I'm watching the CBC's Hockey Night in Canada presentation of the NHL "quarter final" match-up between the Pittsburgh Penguins and the Washington Capitals. As I write this it is the intermission between the 3rd and 1st overtime period. The game is tied 3 - 3 as the "Caps" tied it up with about four minutes left in 'regulation'. (The series is tied 2 games to 2 since Pittsburgh won last night.)

Just a few minutes ago, the broadcast did a little video bit accompanied by the music to the 1950's Adventures of Superman television series. It gave me chills... that only my favourite Superman theme can give me. Odd, really, as I was just thinking about that tune a couple of hours ago.

As much as I like John Williams' theme music to the 1978 Superman film, it is not my favourite. It does not give me "the chill". (Sorry, Johnny T., Leon Klatzkin is my man.)

The overtime is starting: I'm cheering for Washington.


As a child of the 1960s and 1970s I watched some cool television fare; although this television does not fare well today. (I could not resist.) Good Times, Night Gallery, The Six Million Dollar Man, Gilligan's Island, The Rookies, Emergency, Lost in Space, Star Trek, and Space: 1999 were some of the shows which I would sit down for. (I cannot get over how well I've turned out considering I was constantly subjected to the acid rain intrinsic with some of the above.)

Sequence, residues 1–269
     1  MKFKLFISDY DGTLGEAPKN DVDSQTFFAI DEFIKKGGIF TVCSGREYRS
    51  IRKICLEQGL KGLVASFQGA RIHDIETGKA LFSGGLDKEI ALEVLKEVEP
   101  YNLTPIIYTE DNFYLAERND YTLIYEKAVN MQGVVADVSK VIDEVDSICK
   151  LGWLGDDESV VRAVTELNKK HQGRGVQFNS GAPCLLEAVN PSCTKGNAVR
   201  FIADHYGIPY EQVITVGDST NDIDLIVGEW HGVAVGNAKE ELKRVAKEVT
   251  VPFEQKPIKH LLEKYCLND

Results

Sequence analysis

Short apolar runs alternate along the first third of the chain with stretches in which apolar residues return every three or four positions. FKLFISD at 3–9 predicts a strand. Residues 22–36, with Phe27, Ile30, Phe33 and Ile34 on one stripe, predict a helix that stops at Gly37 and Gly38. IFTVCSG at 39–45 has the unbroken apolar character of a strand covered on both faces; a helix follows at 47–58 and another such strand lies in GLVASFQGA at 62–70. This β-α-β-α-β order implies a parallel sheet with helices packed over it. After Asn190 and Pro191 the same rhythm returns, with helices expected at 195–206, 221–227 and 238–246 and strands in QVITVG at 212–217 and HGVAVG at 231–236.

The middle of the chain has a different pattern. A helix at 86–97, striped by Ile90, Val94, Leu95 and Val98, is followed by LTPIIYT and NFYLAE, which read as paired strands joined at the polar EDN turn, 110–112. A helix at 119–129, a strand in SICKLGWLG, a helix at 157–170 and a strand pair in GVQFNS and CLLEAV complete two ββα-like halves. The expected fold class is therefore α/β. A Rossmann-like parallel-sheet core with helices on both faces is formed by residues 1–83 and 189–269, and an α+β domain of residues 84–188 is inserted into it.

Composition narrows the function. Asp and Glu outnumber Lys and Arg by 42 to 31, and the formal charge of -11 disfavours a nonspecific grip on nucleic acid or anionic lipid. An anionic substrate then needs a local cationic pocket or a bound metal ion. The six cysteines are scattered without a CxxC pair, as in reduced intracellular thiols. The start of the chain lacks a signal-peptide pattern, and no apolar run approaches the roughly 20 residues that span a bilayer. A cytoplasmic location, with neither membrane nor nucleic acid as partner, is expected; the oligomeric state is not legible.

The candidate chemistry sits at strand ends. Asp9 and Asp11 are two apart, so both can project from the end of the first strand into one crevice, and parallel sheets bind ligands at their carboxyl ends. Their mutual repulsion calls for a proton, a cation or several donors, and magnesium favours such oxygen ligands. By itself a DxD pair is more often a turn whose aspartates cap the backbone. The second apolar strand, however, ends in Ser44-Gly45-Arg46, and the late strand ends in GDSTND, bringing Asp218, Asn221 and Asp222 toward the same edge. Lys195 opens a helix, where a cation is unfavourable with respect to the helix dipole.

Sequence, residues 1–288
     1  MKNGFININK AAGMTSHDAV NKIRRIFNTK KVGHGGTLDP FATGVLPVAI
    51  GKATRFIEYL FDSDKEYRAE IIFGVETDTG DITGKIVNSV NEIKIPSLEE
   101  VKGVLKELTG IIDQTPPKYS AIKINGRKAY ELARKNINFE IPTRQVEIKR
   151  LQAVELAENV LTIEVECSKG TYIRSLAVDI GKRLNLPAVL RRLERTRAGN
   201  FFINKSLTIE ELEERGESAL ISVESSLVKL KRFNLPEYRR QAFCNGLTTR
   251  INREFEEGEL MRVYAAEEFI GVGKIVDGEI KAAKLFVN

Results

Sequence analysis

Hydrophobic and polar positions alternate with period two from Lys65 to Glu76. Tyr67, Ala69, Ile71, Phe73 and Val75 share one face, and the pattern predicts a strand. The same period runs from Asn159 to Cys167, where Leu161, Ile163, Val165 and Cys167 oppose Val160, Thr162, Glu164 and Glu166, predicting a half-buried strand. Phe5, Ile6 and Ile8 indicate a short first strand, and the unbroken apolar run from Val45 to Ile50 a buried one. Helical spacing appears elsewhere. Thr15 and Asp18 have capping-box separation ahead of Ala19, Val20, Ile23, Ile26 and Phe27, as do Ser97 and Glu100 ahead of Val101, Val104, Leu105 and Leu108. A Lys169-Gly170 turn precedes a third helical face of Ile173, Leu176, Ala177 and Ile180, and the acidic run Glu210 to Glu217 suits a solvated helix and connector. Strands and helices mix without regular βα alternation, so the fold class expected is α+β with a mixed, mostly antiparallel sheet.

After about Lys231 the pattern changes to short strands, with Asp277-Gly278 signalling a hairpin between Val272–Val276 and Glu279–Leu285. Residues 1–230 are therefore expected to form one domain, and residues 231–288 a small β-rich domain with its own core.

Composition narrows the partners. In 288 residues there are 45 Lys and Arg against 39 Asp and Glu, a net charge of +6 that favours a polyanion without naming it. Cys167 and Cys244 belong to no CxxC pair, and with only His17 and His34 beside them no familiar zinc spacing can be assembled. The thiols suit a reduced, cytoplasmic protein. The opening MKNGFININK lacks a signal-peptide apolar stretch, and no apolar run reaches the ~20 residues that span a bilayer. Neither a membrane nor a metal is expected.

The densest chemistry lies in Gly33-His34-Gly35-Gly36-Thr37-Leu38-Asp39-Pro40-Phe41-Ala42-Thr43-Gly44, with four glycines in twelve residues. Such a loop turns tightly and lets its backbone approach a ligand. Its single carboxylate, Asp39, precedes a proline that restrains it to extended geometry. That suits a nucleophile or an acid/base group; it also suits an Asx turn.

As I got older I discovered All in the Family (brilliant show), The Outer Limits, and a few others. In my teenage years I sat down long enough to catch some newly released, and superior, series such as The White Shadow and Lou Grant.

(Sorry, no Battlestar Galactica. I watched some episodes when it ran but knew it wasn't clicking. Although, it is still better than the narcissistic and plethoric "re-imagining".)

Easily one of the worst of the above was Space: 1999. It premiered in September of 1975; a time where I was easily old enough to know what worked and what did not -- over and above the subjective question. This British import was, in its first season (the second season was different, and I will get to in a moment), turgid, overly metaphysical and consistently so, often boring, and after many episodes, absolutely inconsequential. In a nutshell, perfect stuff to make you blow away all the time you think you have when you are of such a young age as I was.